No try to stick the rod into the arcs hole. The rod should be angled away from the portrusion on the arc. This can be too tight to fit. In that case just carefully cut the keying on the rod down until it somewhat fits. With a wood screw screw it down through the arc until it feels really solid. Now you can push the Arc into the housing making sure its the right side. It should take a bit of force but once in turn fairly well. Now you can screw another wood screw into the sides to keep the hooks from depressing, keeping the arc fixed solidly inplace.
Lastly the Headband part itself. Shove the spring steel carefully into the slots on the front until the hole line up and the use a 6-8mm m3 screw with pressure to fasten it. Cut a roughly 22cm strip of whatever you want as a comfort strap and just thread a wood screw directly through it into the blocks holes.
Add the pads and after inserting the rods into the blocks the headphones are basically done. The extra holes on the end of the rods can be used to keep them from ever sliding out on their own but arent necessary.
As this is an DIY headphone I highly want to encourage you to try stuff for yourself. And since the stuff and way I used them are very hard to exactly reproduce its easier for me to just give you intructions on how to tune it and what things do.
The goal is a mixture of reflectivity control aswell as finding the “correct” amount of seal in the chamber. The Tymphany drivers react strongly to the seal of the chamber as shown in the previous project. So you dont want to just seal it completely (so either open pads or more closed pads and open housing).
What i used is some medium thick felt and some paper towel. The felt by itself was already pretty ok, giving some seal so that the bass was essentially linear until a slight rolloff in the subbass, but i like a little more sauce in there. So the paper towel again is used to seal it up a bit more. You can of course achieve this with another fabric altogether thats just more solid than the felt i used. Sealing the complete lower portion was too much in my case but adding the slits there gave the bass a very tastefull boost of maybe 2 dB. In my experience I also was able to reduce a bumb in the upper mids by putting the paper inside instead of outside, probably due to its reflectivity so maybe try that aswell and look what works best for you. Also you can try to add some front or rear dampening but I personally like to keep the driver as “nude” as it gets and just change the environment. But you aint me so do whatever you feel is correct.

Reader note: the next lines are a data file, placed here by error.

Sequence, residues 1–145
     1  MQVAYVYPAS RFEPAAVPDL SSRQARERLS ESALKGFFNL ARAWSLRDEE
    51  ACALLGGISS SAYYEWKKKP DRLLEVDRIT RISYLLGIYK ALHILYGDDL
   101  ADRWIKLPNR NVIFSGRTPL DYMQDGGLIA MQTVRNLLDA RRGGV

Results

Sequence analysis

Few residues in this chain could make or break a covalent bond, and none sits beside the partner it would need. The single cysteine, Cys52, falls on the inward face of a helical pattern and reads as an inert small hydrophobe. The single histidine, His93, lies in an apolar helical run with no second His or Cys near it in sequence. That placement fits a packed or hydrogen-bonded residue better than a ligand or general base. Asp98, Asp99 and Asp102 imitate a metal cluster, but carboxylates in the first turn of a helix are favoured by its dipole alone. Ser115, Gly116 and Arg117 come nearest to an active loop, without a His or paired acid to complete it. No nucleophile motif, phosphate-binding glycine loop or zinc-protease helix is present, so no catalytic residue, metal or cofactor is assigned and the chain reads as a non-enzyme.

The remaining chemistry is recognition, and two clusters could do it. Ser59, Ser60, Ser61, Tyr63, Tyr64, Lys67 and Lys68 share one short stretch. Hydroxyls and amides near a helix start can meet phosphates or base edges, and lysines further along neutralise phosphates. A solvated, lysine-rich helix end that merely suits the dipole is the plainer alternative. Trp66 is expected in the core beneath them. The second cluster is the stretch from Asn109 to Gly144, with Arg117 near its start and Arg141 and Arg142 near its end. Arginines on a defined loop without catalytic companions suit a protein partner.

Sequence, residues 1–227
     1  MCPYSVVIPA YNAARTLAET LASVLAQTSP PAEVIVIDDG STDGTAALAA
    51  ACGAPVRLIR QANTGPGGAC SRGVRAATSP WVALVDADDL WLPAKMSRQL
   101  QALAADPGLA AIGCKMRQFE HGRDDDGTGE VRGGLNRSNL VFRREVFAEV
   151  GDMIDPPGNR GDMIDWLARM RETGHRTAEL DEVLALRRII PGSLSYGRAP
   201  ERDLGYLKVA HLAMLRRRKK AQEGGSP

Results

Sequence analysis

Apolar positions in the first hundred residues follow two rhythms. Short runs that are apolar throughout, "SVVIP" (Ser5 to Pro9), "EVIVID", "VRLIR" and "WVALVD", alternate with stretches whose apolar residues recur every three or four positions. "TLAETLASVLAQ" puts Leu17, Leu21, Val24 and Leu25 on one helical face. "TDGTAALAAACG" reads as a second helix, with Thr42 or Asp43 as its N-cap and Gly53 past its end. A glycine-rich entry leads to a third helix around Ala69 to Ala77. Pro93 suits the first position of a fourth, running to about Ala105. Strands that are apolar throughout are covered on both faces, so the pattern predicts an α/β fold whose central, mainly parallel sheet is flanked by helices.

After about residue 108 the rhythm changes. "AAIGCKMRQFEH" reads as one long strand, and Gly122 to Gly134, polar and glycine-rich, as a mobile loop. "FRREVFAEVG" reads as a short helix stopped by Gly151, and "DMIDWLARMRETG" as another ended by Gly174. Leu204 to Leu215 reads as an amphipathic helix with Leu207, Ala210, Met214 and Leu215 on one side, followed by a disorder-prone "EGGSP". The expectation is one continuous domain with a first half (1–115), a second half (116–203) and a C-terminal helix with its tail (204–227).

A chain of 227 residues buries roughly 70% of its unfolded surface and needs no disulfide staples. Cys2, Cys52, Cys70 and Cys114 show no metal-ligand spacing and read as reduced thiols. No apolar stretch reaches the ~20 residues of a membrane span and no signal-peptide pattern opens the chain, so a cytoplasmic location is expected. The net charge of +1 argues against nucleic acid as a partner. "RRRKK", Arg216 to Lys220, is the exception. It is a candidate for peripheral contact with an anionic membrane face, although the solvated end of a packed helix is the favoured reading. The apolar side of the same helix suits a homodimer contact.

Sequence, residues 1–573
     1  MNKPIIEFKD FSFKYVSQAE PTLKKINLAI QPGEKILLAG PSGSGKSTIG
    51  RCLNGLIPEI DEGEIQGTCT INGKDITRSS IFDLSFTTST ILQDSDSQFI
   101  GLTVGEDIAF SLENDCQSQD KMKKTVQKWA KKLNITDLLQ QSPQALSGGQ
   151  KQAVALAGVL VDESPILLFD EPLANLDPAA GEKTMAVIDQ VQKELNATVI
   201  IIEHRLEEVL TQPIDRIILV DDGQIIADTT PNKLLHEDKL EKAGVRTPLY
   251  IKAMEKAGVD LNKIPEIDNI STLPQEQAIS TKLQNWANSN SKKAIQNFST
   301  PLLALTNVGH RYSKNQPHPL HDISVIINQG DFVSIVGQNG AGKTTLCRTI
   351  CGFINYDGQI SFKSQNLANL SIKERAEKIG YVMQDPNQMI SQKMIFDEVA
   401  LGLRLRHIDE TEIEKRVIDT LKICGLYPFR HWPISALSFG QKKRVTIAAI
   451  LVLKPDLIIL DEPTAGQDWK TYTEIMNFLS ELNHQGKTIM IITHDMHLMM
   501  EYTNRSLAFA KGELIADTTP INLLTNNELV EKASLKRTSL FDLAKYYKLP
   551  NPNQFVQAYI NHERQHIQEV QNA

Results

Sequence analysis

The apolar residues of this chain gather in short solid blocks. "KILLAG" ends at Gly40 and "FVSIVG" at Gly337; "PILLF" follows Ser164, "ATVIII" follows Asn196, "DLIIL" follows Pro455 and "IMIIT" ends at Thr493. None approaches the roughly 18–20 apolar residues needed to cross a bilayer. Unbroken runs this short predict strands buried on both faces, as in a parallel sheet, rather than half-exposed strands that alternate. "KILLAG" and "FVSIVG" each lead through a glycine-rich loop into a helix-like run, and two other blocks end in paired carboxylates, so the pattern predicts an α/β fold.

As per usual i like to follow up with some measurements to show what it does. The first graph will again be made with my janky DIY setup with a surroud receiver mic and a plastic printed Pinnae. This is NOT a standard and should NOT be compared outside of what I show. I had the opportunity to measure my stuff with another rig that has IEC couplers for a bit more accuracy which I will show after my own.
The Jalters are shown in green, the Sundara in blue and the previous Tymphany build in red. You can see A slight boost in the bass followed by very smooth mids. Compared to the Sundara we have a slight bump at 2-3kHz with a drop at 4.5kHz. The big spike at 7kHz is a lot less prominent in a sine sweep than it seems in the graph. Lastly one could argue for similar upper treble levels but this is so far beyond the point where it is accurate that it could just be measurement error.
If we compare it to the previous Tymphany headphone we can see that we have more smoother mids from 500Hz - 3kHz, slightly less bass and more treble. This checks out with listening with the Jalter being very neutral in general and very clear to my ears. Due to the similar angled driver design spaciousness is again excellent in my opinion.
Lastly something of interest in my opinion is distortion. Due to the very open and undampaned nature of the driver we see rising distiortion in the subbass. I tried to replicate the levels with my Sundara which is a lot cleaner in those regards. My finding was that the second harmonics that I see with the jalter up to 50ish Hz just give bass a thicker tone which i thoroughly enjoy. Note that a more closed chamber with the resulting more bass level will also dampen the driver and reduce distortion a bit. So keep that relation in mind.
A few final Points
This is my personal design which you may print, modify and use for personal non commercial use. I am no professional CAD or Acoustic designer so all parts can be a little rough and/or non optimal but as a DIY project I encourage people to try things out for themselves and use this works as a starting point that works pretty well.
If somethings was unclear or if you have any suggestions please feel free to ask/post. Since it is rather late at night at this point things can be a little jumpy and duplicates here and there.
Lastly there is already another 'phone in the pipeline a bit more exotic